Finally, there's the matter of pure security theater. A goodly portion of flyer screening exists to give users a warm fuzzy that they're being looked after and send a message to possible evildoers that they're being watched.

I lack the restraint to get into any kind of discussion of this without causing jess to delete me, however there is value to this in some quantity. We can sneer at uneducated citizens but their continued spending is necessary for the economy to go forward and almost every industry has baloney methods to placate the ignorant.

Case in point: look on the side of your shaving cream container and you'll probably see a message "CONTAINS NO CFCs." Well, if you're here in the US that's probably because they've been banned as a propellant for about twenty years now. But there's still a goodly portion of the citizenry who think aerosol containers are bad for the atmosphere. Some of those same people aren't going to feel safe on a plane unless someone's scrutinizing that guy's Evian bottle and checking his ID, no matter how unlikely the threat might be.
posted by phearlez at 10:24 AM on August 10, 2006 [1 favorite]


I'm thinking that your arguments do make a certain sense if you are talking about people with no source of information or training beyond what we hear in the media..

I am. Most of the people who fly on commercial airliners are civilians who probably don't pay close attention to things like this until it (a) it affects them, or (b) the media breaks a huge story like this.

When I said that this plot was "JUST discovered," I should have said that the discovery was just made public, and that air passengers are just now being affected by precautionary measures attached to it.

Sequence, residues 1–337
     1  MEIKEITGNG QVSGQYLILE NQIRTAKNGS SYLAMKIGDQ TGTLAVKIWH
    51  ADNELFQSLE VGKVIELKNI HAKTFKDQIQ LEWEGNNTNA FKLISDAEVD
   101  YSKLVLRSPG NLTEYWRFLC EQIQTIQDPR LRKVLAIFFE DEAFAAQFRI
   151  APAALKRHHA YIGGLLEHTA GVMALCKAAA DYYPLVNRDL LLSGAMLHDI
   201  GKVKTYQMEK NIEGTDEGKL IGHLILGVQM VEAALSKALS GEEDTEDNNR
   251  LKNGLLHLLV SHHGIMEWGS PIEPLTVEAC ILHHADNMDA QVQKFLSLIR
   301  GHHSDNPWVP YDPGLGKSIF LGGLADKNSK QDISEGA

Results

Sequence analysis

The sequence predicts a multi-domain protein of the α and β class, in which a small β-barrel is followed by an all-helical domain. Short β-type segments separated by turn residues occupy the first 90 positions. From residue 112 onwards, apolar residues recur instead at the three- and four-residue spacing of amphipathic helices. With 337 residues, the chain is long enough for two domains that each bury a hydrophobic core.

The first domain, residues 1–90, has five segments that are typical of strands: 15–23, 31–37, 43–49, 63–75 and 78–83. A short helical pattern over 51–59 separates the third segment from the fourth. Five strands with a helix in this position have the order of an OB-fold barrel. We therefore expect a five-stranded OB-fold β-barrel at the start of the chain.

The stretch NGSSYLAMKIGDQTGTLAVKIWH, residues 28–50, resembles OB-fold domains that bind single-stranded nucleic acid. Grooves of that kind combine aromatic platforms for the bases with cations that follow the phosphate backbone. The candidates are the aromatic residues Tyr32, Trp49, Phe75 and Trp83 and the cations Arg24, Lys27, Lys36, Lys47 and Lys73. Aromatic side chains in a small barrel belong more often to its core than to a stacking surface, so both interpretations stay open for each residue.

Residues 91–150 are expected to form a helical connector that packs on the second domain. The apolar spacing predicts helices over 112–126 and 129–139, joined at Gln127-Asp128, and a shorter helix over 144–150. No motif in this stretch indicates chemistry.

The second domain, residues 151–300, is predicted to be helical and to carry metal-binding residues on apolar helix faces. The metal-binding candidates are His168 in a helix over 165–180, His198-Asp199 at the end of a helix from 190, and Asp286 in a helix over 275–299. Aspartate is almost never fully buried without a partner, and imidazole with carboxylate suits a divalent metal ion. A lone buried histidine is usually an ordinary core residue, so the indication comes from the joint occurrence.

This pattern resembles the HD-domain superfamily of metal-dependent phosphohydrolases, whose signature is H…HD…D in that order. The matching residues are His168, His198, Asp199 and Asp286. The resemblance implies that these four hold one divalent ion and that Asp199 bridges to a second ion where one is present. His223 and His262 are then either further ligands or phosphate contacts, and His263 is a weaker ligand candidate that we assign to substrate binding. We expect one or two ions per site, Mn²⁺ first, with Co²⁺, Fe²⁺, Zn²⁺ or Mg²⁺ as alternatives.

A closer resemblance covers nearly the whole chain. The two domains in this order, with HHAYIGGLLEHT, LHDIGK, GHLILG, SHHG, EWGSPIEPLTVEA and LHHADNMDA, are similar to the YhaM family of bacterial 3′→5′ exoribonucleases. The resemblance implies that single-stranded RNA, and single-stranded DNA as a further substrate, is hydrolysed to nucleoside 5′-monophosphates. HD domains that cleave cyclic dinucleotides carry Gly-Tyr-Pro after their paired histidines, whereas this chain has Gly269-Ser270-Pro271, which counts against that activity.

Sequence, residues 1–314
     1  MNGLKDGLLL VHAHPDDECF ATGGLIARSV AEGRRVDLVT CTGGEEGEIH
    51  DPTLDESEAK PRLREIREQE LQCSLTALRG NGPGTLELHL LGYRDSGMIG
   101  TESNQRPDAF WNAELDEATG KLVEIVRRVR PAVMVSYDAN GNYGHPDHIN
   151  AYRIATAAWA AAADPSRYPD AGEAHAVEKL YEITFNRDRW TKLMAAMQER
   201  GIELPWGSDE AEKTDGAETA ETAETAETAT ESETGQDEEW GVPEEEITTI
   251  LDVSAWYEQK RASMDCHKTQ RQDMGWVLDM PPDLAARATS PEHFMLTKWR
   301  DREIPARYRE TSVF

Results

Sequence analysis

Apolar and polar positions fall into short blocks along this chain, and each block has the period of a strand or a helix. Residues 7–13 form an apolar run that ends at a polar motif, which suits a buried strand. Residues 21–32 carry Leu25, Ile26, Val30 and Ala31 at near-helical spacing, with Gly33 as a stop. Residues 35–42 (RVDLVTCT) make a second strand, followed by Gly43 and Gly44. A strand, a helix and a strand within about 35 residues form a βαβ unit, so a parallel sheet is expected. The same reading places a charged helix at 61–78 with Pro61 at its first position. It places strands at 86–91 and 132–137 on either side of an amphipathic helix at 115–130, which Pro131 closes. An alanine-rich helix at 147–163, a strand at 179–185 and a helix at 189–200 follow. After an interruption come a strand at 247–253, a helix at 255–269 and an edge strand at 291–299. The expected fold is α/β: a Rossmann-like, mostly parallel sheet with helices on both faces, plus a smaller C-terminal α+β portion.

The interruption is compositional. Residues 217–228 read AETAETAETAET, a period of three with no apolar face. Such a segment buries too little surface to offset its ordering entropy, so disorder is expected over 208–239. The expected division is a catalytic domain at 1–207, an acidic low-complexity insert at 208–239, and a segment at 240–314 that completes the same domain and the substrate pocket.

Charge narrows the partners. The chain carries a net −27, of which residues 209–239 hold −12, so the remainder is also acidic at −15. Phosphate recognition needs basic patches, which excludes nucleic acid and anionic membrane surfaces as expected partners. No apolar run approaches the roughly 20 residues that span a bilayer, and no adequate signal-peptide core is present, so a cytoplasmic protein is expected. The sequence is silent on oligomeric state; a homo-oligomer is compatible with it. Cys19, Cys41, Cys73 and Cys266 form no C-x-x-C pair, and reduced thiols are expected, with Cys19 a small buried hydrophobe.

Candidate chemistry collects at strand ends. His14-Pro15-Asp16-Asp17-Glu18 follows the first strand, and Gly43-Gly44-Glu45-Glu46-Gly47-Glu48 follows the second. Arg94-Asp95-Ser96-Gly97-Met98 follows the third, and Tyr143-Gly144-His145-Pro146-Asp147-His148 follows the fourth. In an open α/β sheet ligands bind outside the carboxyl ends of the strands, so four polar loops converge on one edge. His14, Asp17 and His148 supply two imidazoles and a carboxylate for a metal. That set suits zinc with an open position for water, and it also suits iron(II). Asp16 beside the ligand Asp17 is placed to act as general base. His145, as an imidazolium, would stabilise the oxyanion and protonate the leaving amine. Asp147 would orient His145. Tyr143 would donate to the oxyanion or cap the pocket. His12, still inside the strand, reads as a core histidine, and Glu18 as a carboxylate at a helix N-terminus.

posted by phatkitten at 10:31 AM on August 10, 2006


So you bring a baby bottle. Bad stuff on the bottom, good stuff on the top, and you taste the stuff on the top.

Seriously. This seems like the easiest thing in the world to do (especially if the bottle contains a false bottom). Why ban all liquids, and then allow such a huge loophole?

They (TSA, etc.) may know which kind of liquids are innocuous, but maybe they don't trust their on the ground security check people to distinguish. Blanket rule is easier to carry out.
posted by Amizu at 10:45 AM on August 10, 2006


ok, I'm sitting at the Albuquerque Airport right now and yes, it sucked. While I can ordinarilly get to the airport 45 minutes before my departure... today it took me that long to get rfom the door to my gate.

Everything is being confiscated. Liquids, gels, semi-solids. Nail polish, lipstick, chapstick, deodorant, hair products, eye drops, etc. And of course there isn't enough information available for people who have to travel with insulin or prescription eye-drops.

I do hope it's temporary. With the amount of travel I've been logging I can't imagine having to check bags every time. Ugh.
posted by FlamingBore at 11:11 AM on August 10, 2006


So you bring a baby bottle. Bad stuff on the bottom, good stuff on the top, and you taste the stuff on the top.

I'm guessing that you'd need to have an actual baby with you for this plan to work. That might complicate things.

Or not. They have these terror plots planned years in advance, I'm sure they wouldn't mind recruiting a volunteer to spend 9 months creating a terror prop.
posted by necessitas at 5:06 PM on August 10, 2006